Here we are barreling into the 21st century with breakneck speed; new hardware and software every year, standards prevailing for data stored in the cloud, but if we still had floppy disks or CD players on our Macs, sneaker net would rule. Why? Because sharing files remains a royal pain in the patootie.
Wait? Don’t we have Dropbox, and iCloud, and AirDrop, and file standards that can be read everywhere? I wish. Here’s a simple and commonplace scenario which cropped up over the weekend for which there is not an easy, simple, standards-based solution. Taxes are coming up and our accountant asked for a few spreadsheets, preferably in Excel, preferably Excel for Windows, preferably zipped up, password protected, of course, and sent via email or posted on a secure location somewhere.
Uh oh. We ditched Microsoft Office years ago, so no Excel. All our spreadsheets are made in Apple’s Numbers which has a convenient Excel export option. What about ZIP archives? Files and folders can be zipped up as an Archive in the Mac’s Finder, but not with a password. For that you need the Terminal.app commands or a utility which does the deed.
Hit MacUpdate or the Mac App Store for “ZIP archive password” and you’ll find plenty of utilities which read ZIP archives, a few less that do the ARCHIVE with a password, and even fewer which ensure the zipped archive works on Windows (because, for whatever reason, all archive utilities are not created equal, and Mac files tend to pass along plenty of cruft to our Windows PC brethren. Oh, and most such utilities come with a price tag.
Over the course of a couple of hours I tried out a dozen ZIP archive utilities only to be frustrated by a few idiosyncrasies of each one. The Mac’s ZIP archive tool does not always play nice-nice with files going to Windows PC users (the aforementioned cruft). Most of the add-on utilities could not even handle a password. Those that could, including the famed WinZIP and a few others like Stuffit for Mac come with a hefty price tag which seemed to add insult to the injury of not being able to do something so simple. ZIP up a file, add a password, send it to Windows PC users without a two hour exercise in search, trial, and error.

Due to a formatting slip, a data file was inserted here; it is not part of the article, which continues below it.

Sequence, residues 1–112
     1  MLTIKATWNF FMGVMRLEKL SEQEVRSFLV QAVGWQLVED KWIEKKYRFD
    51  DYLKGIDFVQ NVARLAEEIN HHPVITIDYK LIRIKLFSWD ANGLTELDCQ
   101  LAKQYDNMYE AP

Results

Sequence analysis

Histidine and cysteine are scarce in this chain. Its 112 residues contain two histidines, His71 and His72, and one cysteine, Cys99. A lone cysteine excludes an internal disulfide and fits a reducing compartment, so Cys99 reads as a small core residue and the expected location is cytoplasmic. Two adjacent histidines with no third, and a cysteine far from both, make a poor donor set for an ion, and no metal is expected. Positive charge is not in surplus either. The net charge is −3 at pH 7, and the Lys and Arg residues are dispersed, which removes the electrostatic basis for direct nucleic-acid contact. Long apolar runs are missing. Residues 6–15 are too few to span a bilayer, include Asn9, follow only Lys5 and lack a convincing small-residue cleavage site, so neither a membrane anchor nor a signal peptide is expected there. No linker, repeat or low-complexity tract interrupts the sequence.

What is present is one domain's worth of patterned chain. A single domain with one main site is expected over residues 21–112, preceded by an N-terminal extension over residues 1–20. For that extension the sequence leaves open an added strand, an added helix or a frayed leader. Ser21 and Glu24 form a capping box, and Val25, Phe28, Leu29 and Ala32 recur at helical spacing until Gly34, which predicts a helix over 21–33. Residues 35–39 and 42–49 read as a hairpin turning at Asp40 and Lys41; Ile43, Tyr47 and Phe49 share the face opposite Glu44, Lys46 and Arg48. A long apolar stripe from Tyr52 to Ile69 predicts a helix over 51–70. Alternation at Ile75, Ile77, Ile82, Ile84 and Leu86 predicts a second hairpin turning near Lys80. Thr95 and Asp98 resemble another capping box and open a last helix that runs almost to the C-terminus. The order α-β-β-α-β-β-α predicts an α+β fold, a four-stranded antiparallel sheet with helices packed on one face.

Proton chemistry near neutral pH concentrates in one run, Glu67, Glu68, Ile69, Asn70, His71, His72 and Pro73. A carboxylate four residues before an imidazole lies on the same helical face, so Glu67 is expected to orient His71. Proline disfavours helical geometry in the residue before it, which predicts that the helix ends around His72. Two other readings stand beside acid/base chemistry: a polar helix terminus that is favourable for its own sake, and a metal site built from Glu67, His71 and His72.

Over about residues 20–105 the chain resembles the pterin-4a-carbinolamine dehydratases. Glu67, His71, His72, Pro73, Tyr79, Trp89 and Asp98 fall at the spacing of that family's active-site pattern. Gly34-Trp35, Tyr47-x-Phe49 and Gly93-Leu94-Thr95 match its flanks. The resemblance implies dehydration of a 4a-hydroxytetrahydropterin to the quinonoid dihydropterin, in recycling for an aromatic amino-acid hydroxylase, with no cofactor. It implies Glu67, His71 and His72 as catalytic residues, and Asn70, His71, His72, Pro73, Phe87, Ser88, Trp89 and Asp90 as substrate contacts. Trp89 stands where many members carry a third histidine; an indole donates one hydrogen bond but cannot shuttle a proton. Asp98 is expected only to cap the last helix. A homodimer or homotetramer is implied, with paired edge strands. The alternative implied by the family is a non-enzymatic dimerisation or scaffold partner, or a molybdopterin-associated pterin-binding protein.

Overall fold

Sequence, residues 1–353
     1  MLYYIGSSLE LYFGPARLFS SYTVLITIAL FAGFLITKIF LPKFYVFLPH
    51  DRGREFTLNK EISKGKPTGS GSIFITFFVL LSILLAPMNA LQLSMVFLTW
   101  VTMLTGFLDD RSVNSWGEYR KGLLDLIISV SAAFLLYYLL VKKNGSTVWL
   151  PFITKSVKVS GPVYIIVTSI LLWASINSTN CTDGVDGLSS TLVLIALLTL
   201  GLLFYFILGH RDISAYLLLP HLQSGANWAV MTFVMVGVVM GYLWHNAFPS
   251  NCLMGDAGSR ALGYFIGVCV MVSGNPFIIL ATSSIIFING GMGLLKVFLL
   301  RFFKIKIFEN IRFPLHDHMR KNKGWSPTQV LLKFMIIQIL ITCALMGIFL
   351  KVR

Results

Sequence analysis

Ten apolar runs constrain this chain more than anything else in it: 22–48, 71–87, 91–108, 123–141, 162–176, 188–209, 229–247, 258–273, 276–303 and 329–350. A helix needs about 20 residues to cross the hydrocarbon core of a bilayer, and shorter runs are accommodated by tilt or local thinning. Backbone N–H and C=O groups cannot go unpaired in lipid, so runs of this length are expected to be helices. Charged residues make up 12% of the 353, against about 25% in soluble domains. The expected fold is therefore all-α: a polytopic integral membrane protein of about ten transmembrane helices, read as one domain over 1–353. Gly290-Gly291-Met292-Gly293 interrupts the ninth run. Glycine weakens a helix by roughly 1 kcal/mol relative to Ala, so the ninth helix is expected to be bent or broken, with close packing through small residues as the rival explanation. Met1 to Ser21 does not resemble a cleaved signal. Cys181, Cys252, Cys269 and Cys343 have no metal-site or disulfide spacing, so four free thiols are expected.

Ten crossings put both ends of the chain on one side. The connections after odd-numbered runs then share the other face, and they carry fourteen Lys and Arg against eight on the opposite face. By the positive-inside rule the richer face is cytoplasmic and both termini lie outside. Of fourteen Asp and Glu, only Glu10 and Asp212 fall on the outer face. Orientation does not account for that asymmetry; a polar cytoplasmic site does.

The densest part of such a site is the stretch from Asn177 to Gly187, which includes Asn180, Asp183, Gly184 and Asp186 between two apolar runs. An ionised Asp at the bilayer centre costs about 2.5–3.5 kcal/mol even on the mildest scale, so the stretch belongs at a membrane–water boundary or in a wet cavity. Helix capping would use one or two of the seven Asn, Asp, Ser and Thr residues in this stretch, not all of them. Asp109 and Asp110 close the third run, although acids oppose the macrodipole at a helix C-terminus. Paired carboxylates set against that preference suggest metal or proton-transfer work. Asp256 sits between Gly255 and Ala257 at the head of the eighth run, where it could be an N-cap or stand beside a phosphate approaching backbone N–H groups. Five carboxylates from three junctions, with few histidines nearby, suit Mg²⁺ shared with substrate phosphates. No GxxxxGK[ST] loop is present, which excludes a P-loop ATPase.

A few ZIP archive utilities I’ve reviewed and used in the past were no longer available (free is a difficult business model to maintain). One that looked promising was EZipMaker which uses OS X’s Archive function to zip of a folder of files and add the password; mostly as a GUI front end to what’s already built-in to OS X (but it leaves the cruft behind for Windows PC users).
My standby archive app for years has been BetterZip, mostly because it has so many options, especially when dealing with archives for Macs, Linux servers, and a long list of esoteric archive formats. But it wouldn’t archive files in a ZIP format that could be opened on a Windows PC owned by our accountant.
EZip works much like EZipMaker. It’s an AppleScript utility which uses the built-in ZIP archive in OS X, but the cruft files remained. There’s also ZipCleaner which removes the resource information from Mac files, ostensibly to make them easier for Windows users. It’s free, and seemed to work, but it was also an extra layer of work (the same developer has other utilities for OS X, few of which have been updated in many years; not a good sign).
The longer I looked and the more ZIP utilities I tried, the more I was sure I did not want to spend money on a ZIP archive app that would get used once a year.
What was the solution?
We saved the Numbers spreadsheet as a PDF and added a password to protect the contents. That was it. No grumbles from the accountant. No security worries to speak of (it’s just numbers). And far less effort than trying to plug a commonplace hole that should have been filled years ago.